They say dogs have the ability to see and sense things that we humans are unable to detect. Joe, our resident Rottie has on a couple of rare occasions demonstrated behaviour that I thought quite peculiar. The sort that had I allowed myself to be freaked would make my hair stand! But you see, even if I seem accept that there is a spirit world out there - am not the superstitious sort nor am I easily frightened by stories of hauntings and expect to see ghosts. But there was once or twice in our usual frenetic game of 'Snatch Fetch', as the day grew darker and the shadows longer, Joe actually froze, drop his toy and stared at a darkening canopy of bamboos - once, I remembered he growled.
I never really gave that odd but rare behaviour much thought until I recently read Dean Koontz account of his own dog, interestingly called Trixie in his book 'A Big Little Life - a memoir of a joyful dog' who once demonstrated behaviour that he (not a believe in ghost nor expect to see one either) could only surmise as Trixie happily accompanying her 'invisible tall friend' (she kept peering up and wagging her tail) a tour of the house.
A few days ago on our usual evening romp, Joe was oddly not into his game of 'Fetch'. He would usually pick his toy and carry it with him eager to begin his game but that evening he left them laying idle. Instead he behaved as if he was looking for 'something' - chasing down a scent and occasionally taking moments to stare into the darkened distance.
I read Joe's body language quite easily (as he does mine). He understands simple English - so I've observed. Apart from the usual obedience command like 'Sit', 'Stay', 'Come', 'Heel', Joe knows to go looking when I ask him where his toy is. He seems to be able to remember where he's last left his toy. He'd also know how to get me to get his toy for him if it's beyond his reach - usually too out of my leveled sight. He looks at me eagerly, runs to a spot and looks pointedly. And if am a little preoccupied pottering about, he does a little jig, goes 'Wooah!' (a bark that's indicative of wanting), looks at me and stares again pointedly at a spot as if to say 'Here! here! I know you can't see it yet but it's here!'. It could be under something somewhere (a drain, his cage, under the car), up in some tree's branches (god knows how his toy got up there ...I blame it on the squirrels!). He would not leave the spot until I get down (sometimes into a dirty drain) or climb to investigate. And almost always Joe is spot on about where his 'lost' toy is. So on my hands and knees, equipped with a long stick, I strain to retrieve his toy.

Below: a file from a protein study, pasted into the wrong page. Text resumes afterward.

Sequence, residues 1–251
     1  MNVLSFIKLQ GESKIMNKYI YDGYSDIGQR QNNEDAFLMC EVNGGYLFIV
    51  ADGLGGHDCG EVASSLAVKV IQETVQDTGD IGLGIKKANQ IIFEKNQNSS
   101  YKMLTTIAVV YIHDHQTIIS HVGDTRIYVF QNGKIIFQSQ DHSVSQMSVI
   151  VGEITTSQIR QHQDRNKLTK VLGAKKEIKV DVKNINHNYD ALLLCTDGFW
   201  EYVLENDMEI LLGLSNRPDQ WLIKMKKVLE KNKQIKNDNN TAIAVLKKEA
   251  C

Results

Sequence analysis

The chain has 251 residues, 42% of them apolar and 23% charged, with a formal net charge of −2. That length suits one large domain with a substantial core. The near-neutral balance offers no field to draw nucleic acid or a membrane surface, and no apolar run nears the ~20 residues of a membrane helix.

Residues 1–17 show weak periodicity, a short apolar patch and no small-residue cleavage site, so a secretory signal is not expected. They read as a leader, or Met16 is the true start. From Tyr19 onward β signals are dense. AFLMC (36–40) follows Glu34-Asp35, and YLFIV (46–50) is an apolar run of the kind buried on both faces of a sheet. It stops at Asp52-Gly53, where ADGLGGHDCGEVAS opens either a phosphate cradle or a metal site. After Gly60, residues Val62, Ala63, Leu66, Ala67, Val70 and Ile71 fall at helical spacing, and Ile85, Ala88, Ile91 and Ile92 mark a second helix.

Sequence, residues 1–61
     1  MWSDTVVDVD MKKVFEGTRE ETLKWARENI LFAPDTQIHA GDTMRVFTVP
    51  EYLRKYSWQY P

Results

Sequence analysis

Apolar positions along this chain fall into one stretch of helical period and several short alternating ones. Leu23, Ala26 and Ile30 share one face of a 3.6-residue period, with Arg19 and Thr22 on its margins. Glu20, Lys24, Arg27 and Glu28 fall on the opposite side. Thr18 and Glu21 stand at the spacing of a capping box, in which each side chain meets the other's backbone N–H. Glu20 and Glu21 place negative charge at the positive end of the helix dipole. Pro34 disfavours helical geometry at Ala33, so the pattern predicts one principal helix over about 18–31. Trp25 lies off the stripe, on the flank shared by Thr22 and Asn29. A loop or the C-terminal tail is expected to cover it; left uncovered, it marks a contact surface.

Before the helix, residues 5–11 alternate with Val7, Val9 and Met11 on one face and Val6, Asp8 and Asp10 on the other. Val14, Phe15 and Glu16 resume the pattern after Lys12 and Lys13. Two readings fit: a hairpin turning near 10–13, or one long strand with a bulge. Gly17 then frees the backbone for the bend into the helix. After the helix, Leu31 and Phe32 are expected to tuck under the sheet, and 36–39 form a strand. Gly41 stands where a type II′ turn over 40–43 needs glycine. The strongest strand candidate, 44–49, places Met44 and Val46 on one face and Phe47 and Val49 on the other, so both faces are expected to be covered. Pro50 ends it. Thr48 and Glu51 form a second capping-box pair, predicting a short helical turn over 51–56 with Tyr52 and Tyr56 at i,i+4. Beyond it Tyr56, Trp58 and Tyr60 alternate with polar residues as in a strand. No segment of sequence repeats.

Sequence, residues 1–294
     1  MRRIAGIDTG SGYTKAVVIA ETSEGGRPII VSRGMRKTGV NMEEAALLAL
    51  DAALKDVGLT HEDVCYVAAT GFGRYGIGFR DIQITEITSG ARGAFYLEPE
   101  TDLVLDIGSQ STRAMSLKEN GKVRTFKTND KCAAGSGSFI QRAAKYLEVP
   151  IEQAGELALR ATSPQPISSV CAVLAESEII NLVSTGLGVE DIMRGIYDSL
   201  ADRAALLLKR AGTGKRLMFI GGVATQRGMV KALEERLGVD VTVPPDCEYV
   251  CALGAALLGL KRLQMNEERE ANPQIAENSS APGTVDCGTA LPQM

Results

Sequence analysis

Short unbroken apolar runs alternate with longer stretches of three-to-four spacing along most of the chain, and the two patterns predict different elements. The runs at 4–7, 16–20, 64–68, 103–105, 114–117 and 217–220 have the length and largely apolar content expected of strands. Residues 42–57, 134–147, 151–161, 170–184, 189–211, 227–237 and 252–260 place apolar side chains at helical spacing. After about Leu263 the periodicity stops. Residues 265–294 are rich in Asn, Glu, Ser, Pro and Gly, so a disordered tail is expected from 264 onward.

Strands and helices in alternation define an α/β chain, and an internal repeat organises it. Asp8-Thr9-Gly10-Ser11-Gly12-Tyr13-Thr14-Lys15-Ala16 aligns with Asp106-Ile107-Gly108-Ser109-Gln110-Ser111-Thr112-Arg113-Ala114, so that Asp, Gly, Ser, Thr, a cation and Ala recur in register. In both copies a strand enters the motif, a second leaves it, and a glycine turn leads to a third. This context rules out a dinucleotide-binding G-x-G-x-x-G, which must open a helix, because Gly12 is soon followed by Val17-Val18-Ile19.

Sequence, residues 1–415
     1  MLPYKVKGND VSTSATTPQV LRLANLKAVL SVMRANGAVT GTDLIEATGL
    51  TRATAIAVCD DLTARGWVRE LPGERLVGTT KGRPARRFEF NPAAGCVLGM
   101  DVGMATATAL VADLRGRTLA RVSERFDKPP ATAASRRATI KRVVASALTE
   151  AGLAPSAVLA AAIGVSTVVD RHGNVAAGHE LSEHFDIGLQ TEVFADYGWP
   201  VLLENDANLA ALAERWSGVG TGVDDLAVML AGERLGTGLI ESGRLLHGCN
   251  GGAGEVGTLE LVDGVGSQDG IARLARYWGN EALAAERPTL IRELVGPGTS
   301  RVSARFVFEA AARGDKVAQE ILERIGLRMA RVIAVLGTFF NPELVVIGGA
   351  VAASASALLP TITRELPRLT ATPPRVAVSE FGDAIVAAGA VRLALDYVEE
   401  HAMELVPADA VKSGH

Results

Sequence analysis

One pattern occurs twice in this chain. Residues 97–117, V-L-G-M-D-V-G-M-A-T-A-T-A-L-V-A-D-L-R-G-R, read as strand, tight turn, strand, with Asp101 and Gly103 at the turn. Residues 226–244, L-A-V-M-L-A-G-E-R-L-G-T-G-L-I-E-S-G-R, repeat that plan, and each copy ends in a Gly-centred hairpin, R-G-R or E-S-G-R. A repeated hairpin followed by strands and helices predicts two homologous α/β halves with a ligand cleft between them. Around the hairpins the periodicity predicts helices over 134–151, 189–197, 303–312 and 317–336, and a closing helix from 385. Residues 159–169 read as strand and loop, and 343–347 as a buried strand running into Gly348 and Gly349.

The things I do for that dog! But just to see his glee when I finally hand him toy for him is reward enough.
Joe for some reason that evening without his usual game, soon lead the way to that particular garden hose. I took that as him wanting a drink and a shower. But instead of sitting patiently, he stood and stared pointedly to the spot where Trixie would always lay panting when she was alive. When I said, 'Are you looking for Trixie? Where has she gone?'. He looked at me and looked back at that spot, as if to tell me 'Look! There she is!' and watched with interest for a while, oblivious to the running water and my mutterings about missing Trixie.
Maybe Trixie's spirit still lingers on and in her cheeky self she got Joe to go seeking after her (like she usually do when she successfully snatches his toy ... she'd make him chase her - sniffing and seeking about Dog Woods) and almost always their game would end at that one particular garden hose where she would finally relinquish the toy for a drink and shower while Joe would make a quick grab for toy.
It's just a hypothesis. I don't know for sure.
But after that moment by the garden hose, Joe shook the water out of his fur, surveyed his surroundings and trotted off to pick up his toy where he had last left it eager to start a game of 'Fetch'.